Producer Jason Blum and his Blumhouse Productions are no longer Hollywood outsiders, no longer practitioners of mysterious alchemy that creates hits from unproven directors and tiny budgets. The company has been around awhile, producing sequels and prequels to its big franchises like The Purge and The Conjuring, minting filmmaker stars like James Wan and Jordan Peele, and taking in over a billion dollars at the box office. Its low-risk, high-reward formula is very much public knowledge; Blum himself has been very open about evangelizing his approach to filmmaking.
And yet, the company’s established methods remain unconventional, in part because the industry is so bloated with TV streaming shows and blockbuster movies. Blumhouse, too, is getting into the prestige TV business and pre-existing franchise movie game, with this weekend’s new Halloween sequel its first real entry into Hollywood legend. So the question is whether Blum is changing Hollywood, Hollywood is changing Blum… or a little bit of both.
SYFY WIRE spoke with the super-producer earlier this month to ask exactly that — along with a few other things.
You’ve made a lot of sequels, but never to a property that you didn’t originate. What was the difference?
Jason Blum: It's obviously much more complicated, but I think I like the challenge of it. It felt more like the muscle we exercise when we're making sequels to our movies: Insidious, Paranormal [Activity], and The Purge. There was some familiarity in it, but clearly the fact that there have been so many movies, the fact that a lot of movies haven't been good — some of them have, the first one is the most iconic horror movie of all time. But I was attracted to the challenge of it for sure.
How’d the decision to cast aside all the sequels and start years after the original come about?
I didn't make the decision, it was made by David Gordon Green and Danny [McBride]. I was very passionate about having David and Danny do this. A part of my belief in them as artists was thinking that their best work would come from giving them creative freedom. So when I pitched them the idea of Halloween, all I said was we want to do a Halloween movie, if you could do anything, what would you do? And I'm very glad I did, 'cause this is the idea that they came up with.
If you were to hold a TED Talk about it, what would you say are the keys to making a great horror movie in 2018?
I think first and foremost, make it low budget. I think it’s not true of a Marvel movie. Not true of an animated movie. Not true of an action movie, not even true of a comedy. But a horror movie benefits from a low budget, I think.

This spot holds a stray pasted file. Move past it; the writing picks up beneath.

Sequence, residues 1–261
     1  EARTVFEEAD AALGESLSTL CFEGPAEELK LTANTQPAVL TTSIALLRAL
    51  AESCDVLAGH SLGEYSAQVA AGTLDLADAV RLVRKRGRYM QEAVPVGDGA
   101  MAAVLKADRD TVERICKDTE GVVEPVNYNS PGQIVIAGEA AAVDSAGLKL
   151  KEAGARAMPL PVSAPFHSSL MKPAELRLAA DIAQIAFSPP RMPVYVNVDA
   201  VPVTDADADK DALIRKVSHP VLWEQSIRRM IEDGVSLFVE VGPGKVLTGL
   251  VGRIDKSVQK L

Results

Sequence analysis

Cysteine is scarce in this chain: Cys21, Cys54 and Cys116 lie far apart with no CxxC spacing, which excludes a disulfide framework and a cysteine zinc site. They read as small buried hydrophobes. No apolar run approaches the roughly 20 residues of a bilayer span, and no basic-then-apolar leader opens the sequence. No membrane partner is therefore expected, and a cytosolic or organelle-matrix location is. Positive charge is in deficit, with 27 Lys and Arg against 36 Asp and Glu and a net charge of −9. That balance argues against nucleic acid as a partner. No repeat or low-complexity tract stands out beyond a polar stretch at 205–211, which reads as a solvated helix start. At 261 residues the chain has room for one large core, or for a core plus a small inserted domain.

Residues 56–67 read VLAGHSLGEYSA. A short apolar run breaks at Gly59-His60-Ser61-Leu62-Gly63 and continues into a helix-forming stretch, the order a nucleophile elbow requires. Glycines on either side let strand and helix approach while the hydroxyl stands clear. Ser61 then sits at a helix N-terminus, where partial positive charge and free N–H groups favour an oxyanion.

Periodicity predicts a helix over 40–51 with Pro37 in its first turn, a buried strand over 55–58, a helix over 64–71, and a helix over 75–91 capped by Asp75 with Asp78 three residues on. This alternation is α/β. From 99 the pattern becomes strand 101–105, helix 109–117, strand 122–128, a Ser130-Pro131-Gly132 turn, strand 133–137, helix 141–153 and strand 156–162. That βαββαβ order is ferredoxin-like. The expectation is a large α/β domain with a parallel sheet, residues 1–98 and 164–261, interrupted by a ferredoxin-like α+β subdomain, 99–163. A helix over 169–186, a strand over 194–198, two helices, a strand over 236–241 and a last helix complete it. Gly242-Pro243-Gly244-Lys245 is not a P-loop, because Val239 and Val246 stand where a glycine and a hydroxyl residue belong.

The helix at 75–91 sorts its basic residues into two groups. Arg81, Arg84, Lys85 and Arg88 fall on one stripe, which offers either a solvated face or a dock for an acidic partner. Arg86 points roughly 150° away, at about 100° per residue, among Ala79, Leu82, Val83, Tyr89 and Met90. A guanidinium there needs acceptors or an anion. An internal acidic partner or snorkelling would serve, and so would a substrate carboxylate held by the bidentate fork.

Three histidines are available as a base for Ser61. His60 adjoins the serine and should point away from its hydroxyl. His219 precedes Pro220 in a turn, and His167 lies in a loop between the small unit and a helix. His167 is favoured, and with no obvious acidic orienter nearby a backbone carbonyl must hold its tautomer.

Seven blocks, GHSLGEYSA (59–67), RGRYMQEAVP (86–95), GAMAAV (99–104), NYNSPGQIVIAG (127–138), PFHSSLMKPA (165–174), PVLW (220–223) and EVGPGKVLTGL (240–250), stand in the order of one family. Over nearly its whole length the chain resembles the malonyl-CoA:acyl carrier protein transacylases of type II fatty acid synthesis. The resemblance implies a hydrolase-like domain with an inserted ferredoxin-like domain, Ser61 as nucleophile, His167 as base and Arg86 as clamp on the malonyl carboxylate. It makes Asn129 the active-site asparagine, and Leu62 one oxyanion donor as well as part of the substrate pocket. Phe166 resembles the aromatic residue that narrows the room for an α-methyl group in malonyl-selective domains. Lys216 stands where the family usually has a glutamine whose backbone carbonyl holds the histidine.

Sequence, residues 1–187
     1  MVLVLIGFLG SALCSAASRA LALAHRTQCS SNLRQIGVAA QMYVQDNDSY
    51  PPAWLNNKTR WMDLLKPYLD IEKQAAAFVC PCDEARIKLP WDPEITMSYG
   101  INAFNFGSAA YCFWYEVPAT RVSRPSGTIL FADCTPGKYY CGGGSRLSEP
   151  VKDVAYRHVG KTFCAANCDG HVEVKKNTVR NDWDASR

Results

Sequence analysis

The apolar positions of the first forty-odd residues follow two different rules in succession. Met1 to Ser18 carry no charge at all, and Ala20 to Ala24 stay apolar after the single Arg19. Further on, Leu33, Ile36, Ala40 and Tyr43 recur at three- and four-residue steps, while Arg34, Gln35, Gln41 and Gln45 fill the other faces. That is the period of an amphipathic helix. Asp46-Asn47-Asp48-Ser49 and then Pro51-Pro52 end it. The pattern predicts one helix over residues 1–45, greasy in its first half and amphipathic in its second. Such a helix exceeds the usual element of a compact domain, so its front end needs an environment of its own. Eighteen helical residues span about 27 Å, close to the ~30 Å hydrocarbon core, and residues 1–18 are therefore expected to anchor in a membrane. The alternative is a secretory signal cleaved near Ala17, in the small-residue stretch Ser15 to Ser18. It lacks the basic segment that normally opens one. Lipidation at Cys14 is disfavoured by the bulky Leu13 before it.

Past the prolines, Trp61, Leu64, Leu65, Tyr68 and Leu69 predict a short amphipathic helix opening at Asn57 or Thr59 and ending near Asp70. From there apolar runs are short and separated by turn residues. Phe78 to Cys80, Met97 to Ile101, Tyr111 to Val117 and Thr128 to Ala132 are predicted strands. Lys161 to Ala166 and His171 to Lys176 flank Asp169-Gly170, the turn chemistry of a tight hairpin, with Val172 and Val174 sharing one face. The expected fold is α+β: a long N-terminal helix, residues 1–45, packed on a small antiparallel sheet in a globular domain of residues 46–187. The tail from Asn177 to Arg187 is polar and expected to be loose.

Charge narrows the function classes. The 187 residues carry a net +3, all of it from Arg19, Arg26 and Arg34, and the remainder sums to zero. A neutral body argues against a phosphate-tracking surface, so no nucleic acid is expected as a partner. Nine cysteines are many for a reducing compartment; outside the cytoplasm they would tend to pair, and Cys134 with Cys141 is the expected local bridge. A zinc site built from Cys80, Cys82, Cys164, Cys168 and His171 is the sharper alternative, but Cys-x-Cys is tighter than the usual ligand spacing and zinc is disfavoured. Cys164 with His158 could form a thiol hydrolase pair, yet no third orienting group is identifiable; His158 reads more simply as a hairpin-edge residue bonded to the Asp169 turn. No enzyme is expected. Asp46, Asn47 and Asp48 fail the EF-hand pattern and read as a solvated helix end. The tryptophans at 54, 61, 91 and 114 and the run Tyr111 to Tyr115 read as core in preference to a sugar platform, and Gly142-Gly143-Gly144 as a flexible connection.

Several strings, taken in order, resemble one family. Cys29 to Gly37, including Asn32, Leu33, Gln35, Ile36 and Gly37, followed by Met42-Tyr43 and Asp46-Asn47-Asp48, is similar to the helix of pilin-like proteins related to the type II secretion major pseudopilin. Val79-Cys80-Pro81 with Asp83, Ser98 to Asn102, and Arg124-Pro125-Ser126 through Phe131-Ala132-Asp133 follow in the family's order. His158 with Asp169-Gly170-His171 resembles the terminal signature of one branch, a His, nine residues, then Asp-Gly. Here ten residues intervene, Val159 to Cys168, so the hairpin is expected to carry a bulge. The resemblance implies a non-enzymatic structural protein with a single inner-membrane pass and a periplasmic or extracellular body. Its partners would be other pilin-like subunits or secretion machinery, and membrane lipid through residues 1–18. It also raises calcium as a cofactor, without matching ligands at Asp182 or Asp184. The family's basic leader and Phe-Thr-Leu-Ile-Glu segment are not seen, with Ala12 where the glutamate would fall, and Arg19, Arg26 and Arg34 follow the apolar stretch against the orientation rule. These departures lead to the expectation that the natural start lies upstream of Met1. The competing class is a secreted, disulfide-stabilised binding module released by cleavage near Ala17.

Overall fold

The second is that we kind of apply the auteur theory of filmmaking to commercial movies. Typically, auteur theory is equated with art films, but this idea of taking an artist, or a team as with David and Danny, and really betting on them and empowering them and give them freedom to do what they want. Now as soon as you give them freedom, the creative passion becomes much more collaborative because as soon as they aren't worried that they're not gonna get their way, they want the best idea to win. And I think we as a company create an atmosphere where it’s very easy to let the best idea win. A lot of people say that, but it doesn't happen that often.
So what kind of notes do you usually give?
We give an enormous amount. Most production companies don't have their own casting department, we have our own casting department. Usually, a director goes to make a movie, they choose their casting director. When we make a movie director we use our casting department. So what I found over the years is that when you give up control there is much more collaboration.
There's collaboration over casting, there's a ton of script work that we do, and then there's a ton of work during the putting together of the physical production: where we're gonna shoot, locations, all that. And then during the production all the way through the process there is an enormous amount of back and forth, but the feeling is a lot better than you have to do this with fighting.
There are a couple times that — there are two times specifically — that it backfired on me. That it didn't work. That the director chose a way to do it that we disagreed with. I don't think the movies were very good and I don't think the directors ultimately were that happy, but I have to be comfortable with the idea that at the end of the day we let the director do what they want to do. That's inextricably linked to low-budget. Movies worth $25 or $50 or $150 million, we couldn't do that, but since the budgets are so low, we're able to say, "Look, even if we totally disagree we're gonna let you do what you wanna do."
What were the two movies?
I'm not telling you that. I knew you were gonna ask that. But that was a good try.
You make so many horror movies — what scares you the most?
That’s universal. What about in your movies?